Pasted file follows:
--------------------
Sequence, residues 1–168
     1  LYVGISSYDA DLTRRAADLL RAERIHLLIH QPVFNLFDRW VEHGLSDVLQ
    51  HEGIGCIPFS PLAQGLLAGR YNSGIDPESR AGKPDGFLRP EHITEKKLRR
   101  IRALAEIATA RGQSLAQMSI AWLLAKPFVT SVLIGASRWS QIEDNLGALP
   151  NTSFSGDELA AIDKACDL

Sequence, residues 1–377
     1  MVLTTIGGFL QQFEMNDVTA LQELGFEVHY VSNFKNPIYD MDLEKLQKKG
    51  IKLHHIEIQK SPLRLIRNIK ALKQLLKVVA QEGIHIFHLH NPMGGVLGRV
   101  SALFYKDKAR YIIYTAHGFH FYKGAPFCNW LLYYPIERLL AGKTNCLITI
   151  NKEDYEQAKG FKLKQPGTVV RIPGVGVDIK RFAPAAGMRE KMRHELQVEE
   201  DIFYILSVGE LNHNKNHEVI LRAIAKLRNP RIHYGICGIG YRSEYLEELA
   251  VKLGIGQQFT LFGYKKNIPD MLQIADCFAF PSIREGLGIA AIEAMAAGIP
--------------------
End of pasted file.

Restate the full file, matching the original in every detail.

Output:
Sequence, residues 1–168
     1  LYVGISSYDA DLTRRAADLL RAERIHLLIH QPVFNLFDRW VEHGLSDVLQ
    51  HEGIGCIPFS PLAQGLLAGR YNSGIDPESR AGKPDGFLRP EHITEKKLRR
   101  IRALAEIATA RGQSLAQMSI AWLLAKPFVT SVLIGASRWS QIEDNLGALP
   151  NTSFSGDELA AIDKACDL

Sequence, residues 1–377
     1  MVLTTIGGFL QQFEMNDVTA LQELGFEVHY VSNFKNPIYD MDLEKLQKKG
    51  IKLHHIEIQK SPLRLIRNIK ALKQLLKVVA QEGIHIFHLH NPMGGVLGRV
   101  SALFYKDKAR YIIYTAHGFH FYKGAPFCNW LLYYPIERLL AGKTNCLITI
   151  NKEDYEQAKG FKLKQPGTVV RIPGVGVDIK RFAPAAGMRE KMRHELQVEE
   201  DIFYILSVGE LNHNKNHEVI LRAIAKLRNP RIHYGICGIG YRSEYLEELA
   251  VKLGIGQQFT LFGYKKNIPD MLQIADCFAF PSIREGLGIA AIEAMAAGIP